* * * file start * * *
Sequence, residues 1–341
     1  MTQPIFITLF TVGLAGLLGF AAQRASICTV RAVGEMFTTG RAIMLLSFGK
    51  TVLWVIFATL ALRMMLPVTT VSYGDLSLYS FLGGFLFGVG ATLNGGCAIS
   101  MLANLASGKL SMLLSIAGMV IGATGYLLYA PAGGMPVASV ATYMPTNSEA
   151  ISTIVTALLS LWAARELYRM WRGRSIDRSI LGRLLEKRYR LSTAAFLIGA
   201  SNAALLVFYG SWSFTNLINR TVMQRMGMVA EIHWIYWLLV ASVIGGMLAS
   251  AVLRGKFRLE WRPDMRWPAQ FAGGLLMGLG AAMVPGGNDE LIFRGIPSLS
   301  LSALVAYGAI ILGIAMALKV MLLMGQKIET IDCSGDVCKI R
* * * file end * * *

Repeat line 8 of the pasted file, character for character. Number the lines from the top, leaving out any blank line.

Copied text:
   301  LSALVAYGAI ILGIAMALKV MLLMGQKIET IDCSGDVCKI R